Hi, I've been suffering from terrible migraines, chest pain, back pain, pain in my upper jaw, and neck pain. I know I have terrible TMJ, and I was wondering if TMJ could cause migraines?
I am on an anti-anxiety pill that I take before bedtime, but the migraines continue and I know I'm still grinding my teeth. Last night, my migraine was so bad I couldn't fall asleep, almost vomited, and was in intense pain when I touched my face, neck, or jaw.
If TMJ can produce migraines, what can I do to stop it? Also, after having a horrible migraine, is it normal to feel extreme weakness and fatigue the next day?
Thanks so much, Alicia.
TMJ can definitely be a Migraine trigger, a physical factor that brings on a Migraine attack. TMJ should be treated, both to help alleviate any Migraines it may be triggering for you and to stop it's progression and any other health issues it may cause you. Your dentist should be able to refer you to someone...
If self care techniques for TMJ Disorder do not relieve your pain, your physician might recommend moving forward with treatment more involved than self care. This can include: Imaging: MRI, CT, X-Rays (Panorex, Tomogram, etc.) and other imaging techniques can be used to determine the state of the joints and surrounding tissues as well as determine what treatment may be the most appropriate. MRI's are primarily used for visualizing soft tissue such as discs and muscles, while CT scans show bone in great detail. X-Rays give a basic look at the joints and their relationship with your occlusion (the way your teeth fit together). Splint Therapy: Splints, nightguards, biteplates and NTI's (all words for similar devices) are the most common treatment for jaw related pain and muscle disorders. Injections: Trigger point injections are injections to address knots in muscles that cause pain. They can be done with anesthetic only, that is, without epinephrine or anti-infla...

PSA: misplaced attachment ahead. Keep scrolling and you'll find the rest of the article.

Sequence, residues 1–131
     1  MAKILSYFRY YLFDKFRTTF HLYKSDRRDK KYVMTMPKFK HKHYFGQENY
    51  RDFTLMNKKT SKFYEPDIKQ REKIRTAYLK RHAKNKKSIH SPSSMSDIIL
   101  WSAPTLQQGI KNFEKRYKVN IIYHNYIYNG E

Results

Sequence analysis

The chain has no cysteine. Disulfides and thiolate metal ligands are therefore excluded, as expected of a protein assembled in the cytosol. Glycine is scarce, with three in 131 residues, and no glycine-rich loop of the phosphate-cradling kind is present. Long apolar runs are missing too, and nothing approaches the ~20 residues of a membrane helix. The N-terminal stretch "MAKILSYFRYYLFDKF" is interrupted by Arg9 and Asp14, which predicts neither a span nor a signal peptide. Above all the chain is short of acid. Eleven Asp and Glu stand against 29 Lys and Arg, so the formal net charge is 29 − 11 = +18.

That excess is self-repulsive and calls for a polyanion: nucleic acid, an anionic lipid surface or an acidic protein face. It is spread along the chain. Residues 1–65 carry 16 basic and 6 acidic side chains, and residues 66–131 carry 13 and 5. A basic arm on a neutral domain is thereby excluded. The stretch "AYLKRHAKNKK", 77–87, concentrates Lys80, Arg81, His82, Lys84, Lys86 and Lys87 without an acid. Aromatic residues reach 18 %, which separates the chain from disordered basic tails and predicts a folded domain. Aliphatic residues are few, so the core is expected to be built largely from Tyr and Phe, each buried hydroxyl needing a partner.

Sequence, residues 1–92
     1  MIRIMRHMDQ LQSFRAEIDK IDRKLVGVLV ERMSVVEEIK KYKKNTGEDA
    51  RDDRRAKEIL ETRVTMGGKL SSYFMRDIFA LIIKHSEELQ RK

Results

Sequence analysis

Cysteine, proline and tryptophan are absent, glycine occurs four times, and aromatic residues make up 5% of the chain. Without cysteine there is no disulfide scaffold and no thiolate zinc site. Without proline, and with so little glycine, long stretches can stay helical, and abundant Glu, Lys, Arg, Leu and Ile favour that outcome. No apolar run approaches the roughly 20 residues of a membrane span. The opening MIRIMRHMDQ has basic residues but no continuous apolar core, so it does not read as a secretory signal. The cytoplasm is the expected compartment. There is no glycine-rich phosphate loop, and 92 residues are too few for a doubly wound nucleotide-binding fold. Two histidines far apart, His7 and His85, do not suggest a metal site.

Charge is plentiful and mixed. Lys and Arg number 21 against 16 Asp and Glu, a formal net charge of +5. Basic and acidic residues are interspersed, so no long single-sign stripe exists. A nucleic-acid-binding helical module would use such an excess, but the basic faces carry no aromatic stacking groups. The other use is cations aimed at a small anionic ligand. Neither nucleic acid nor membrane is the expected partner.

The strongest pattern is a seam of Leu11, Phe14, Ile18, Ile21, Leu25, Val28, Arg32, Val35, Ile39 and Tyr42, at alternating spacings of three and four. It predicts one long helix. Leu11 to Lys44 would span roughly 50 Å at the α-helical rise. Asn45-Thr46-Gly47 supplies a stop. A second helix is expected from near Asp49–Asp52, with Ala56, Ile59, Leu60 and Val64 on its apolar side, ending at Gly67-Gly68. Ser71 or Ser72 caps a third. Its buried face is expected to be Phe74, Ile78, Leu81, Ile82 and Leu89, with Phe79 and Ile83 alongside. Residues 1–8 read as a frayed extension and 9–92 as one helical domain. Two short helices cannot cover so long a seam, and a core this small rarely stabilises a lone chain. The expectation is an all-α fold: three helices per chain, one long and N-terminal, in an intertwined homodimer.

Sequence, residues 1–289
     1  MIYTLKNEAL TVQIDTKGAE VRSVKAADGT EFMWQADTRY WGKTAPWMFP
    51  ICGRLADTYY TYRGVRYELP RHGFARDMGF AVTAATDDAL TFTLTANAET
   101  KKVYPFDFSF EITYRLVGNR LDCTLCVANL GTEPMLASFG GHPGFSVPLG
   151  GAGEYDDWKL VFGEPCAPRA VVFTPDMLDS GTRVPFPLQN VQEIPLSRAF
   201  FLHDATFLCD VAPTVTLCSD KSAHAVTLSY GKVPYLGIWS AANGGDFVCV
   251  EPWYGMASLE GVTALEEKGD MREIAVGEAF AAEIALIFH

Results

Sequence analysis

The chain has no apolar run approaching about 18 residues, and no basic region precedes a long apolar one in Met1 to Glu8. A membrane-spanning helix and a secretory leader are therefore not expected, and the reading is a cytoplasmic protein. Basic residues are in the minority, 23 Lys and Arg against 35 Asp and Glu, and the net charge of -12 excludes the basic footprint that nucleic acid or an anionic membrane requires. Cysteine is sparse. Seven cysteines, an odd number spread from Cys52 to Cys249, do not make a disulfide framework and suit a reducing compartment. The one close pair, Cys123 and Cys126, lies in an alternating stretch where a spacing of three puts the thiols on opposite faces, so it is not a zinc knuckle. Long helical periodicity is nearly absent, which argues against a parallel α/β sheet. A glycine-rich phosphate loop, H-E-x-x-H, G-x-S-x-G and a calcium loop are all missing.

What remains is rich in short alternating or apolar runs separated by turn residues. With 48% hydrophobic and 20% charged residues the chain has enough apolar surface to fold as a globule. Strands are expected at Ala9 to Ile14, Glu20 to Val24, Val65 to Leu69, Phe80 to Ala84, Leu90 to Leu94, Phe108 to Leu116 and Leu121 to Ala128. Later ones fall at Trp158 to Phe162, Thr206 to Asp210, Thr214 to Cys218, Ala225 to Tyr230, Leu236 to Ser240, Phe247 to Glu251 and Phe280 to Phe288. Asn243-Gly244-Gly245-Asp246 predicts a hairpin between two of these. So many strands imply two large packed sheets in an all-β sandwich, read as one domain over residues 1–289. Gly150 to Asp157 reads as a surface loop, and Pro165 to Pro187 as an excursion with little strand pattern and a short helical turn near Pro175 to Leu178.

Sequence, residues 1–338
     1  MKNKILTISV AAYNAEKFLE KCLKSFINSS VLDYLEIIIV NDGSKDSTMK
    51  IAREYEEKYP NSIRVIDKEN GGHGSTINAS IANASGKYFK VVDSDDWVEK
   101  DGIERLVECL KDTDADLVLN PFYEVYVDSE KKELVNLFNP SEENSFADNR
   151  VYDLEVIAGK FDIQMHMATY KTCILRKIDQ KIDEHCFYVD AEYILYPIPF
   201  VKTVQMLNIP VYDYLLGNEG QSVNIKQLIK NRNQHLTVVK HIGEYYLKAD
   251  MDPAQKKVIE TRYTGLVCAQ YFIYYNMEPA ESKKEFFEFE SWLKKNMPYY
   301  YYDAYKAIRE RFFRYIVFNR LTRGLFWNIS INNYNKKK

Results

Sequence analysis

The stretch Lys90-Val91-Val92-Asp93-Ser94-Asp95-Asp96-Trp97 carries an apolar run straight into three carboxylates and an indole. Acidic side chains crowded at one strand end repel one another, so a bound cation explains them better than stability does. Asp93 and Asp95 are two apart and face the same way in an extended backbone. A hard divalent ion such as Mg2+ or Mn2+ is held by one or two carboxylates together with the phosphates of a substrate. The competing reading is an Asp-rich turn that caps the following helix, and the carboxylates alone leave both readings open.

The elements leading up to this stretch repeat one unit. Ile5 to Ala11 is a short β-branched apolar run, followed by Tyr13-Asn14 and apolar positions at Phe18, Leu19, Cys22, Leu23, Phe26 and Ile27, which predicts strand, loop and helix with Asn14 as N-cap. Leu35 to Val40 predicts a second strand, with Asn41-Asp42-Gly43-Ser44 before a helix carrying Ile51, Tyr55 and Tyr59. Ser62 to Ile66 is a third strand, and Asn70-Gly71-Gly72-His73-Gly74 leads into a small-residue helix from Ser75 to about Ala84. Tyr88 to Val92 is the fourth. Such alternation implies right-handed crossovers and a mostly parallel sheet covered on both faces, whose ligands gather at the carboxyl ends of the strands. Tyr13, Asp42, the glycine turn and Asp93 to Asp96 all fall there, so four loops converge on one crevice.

Alzheimer's disease has hallmark changes in the brain, one of which is a collection of an abnormal type of protein, amyloid. Dr. Alzheimer, about a century ago, described plaques in the brains of patients with what we now call Alzheimer's disease. However, it has only been in the last few decades that there has been any understanding of what these plaques are made of and how they are produced. Now, researchers are beginning to test drugs that may diminish these plaques and perhaps treat the underlying disease. Current medications only help treat the symptoms of Alzheimer's disease, not the underlying problem. Currently, there are many research trials attempting to identify a compound that will help get rid of the amyloid plaques. Valsartan, a medication that is already used to treat high blood pressure, was studied in mice and found to decrease the amyloid plaques . This occurred before and after the onset of the disease in the mice. It is important to point out...
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